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Never ranked in Chambers? Here’s what to do – Part II

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This piece was first published in Bar & Bench.

In the second entry of this three-part article, Lawfinity highlights the new entrants in the Chambers and Partners rankings and how they made it.

The gold standard in law practice guides has news! A grand total of ‘three’ new entrants have made it in its embellished cadre of 100+ Indian firms this year. But what does that mean and why does that matter?

We discussed in Part I of this three-part series how the Chambers Rankings are pretty much a scenario of 110 royal Yeoman Warders with a stronghold on a large volume of client credits in focus sectors.

Picture this again: A list of 113 firms. Of which 110 are exactly the same as last year. And 106 are exactly the same as the last two years. [Disclaimer: There were 12 firms, between the age of 7-15 years and some much older than even that, who had no public data on their previous Chambers rankings]. Released end-of-year, gatekeeping market dominance when it comes to client endorsement. Sending stress levels shooting amid the at least 300 other firms that failed despite success. Firms, that made it almost everywhere else but the Chambers and Partners (“Chambers”) annual rankings.

Is there any way to break through this Chinese wall as a new star performer? Particularly, as a generalist?

Through the year, we find ourselves sat across the query: “What should be our long-term strategy leading up to Chambers and Partners?” We discuss in this three-part series.

Getting it right, sooner

The three new entrants to Chambers firm rankings this year, by age, were 1.5-4 years as a firm. So at best, they are not more than one-third of the age of most of its lateral competitors according to the Chambers ranking. And yet it can get enough client referrals to show-off the feats below.

The youngest among these has clearly made its sweet little niche in Chambers through its niche focus on competition law where, in Band 4, it shares space with one ‘Big 7’ firm and two firms that have made their presence felt in the market for over a decade. The other new firm has given contest in the Corporate/M&A ‘highly regarded’ cadre to six other established competitors of over a decade old who also rank highly in league tables for their M&A deals. The founding partner and other partners at this firm come from rainmaking legacy at Big 7 and tier 1 firms that consistently rank highly on deal tables.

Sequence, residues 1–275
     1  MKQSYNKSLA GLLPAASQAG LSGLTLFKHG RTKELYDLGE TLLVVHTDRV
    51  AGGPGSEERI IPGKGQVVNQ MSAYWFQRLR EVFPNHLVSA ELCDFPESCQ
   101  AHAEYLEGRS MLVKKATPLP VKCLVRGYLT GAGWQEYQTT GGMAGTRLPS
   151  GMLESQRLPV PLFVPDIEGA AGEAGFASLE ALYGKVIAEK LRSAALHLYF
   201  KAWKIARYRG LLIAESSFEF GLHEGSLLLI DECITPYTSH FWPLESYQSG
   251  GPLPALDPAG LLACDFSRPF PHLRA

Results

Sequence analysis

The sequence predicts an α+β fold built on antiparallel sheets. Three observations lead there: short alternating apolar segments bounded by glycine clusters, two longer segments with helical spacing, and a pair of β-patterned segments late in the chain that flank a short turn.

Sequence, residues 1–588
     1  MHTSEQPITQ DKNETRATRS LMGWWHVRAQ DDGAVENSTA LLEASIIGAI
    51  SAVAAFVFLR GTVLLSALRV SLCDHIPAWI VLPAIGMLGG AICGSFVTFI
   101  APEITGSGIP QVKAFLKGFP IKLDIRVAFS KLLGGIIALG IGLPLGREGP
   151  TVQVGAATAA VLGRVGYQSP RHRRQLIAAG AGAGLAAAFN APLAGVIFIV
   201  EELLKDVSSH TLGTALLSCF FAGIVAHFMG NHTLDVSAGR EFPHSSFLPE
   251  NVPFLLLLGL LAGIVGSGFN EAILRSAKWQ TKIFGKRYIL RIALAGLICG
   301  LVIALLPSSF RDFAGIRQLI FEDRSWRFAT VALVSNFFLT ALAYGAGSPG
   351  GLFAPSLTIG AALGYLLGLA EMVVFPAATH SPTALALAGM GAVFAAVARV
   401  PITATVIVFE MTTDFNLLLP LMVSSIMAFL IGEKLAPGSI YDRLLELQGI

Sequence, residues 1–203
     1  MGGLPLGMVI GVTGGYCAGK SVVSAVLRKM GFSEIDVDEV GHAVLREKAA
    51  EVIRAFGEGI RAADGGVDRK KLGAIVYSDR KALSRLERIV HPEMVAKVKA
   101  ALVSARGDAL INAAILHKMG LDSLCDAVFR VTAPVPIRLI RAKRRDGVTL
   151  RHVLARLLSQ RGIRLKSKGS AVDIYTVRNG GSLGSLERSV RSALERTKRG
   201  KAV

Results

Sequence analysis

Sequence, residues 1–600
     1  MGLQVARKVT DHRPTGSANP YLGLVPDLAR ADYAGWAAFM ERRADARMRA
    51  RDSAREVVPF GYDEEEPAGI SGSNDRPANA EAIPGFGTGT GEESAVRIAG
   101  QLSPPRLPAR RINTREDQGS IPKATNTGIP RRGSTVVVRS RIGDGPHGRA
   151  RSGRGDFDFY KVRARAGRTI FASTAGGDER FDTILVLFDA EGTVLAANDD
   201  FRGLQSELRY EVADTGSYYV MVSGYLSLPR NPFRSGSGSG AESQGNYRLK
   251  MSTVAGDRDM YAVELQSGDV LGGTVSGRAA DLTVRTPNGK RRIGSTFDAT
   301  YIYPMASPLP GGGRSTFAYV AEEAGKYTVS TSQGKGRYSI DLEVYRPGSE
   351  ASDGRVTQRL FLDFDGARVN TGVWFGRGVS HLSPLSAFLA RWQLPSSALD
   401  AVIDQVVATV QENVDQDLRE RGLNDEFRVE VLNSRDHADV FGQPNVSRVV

One other newly ranked firm has secured the Band 5 ranking for its private equity (PE) practice, alongside 11 other PE firms in that band, generally aged between 3-24 years. But two of them are also 123-year and 140-year-old historical legacy firms. Private Equity, as a practice, started catching hold of the global sector in the early 2000s (around the same time that specialist publications such as PEI media, etc. started printing). Eventually Indian first-movers caught on to it, and over the last 5-10 years, old school legacy company law firms have jumped onto the bandwagon as a practice rejuvenation tactic. Those firms have also won for practice areas such as banking and finance, dispute resolution, insolvency and restructuring, aviation, intellectual property, shipping, employment, white collar crime and corporate investigation, and competition law. But inking your name as an advisor on large PE deals looks like the preferred route strong transaction practices are taking to come into the mainstream, without Corporate India’s largest conglomerates on their list of clients.

Five of those firms are what this firm should aspire to next when it comes to its Corporate M&A practice. It is highly regarded, in Band 3, for Corporate M&A – sharing the distinction with three older firms in the same band, but falling behind five of its PE competitors. Those firms have won for that practice in higher bands and for a higher (Elite) category as well.

Five other firms stand out, of course, as practice giants in PE and Corporate M&A per the latest Chambers rankings: Desai & Diwanji, Quillon Partners, K Law, Samvad Partners and Dentons Link Legal are all Band 1 ‘highly regarded’ firms in Corporate/M&A. Three of these are also in Band 1 for PE, but one of these has exactly the same ranking for PE as the new entrant – Band 5. Other than the Octagenarian Desai & Diwanji, the others are young firms under 25 years of age.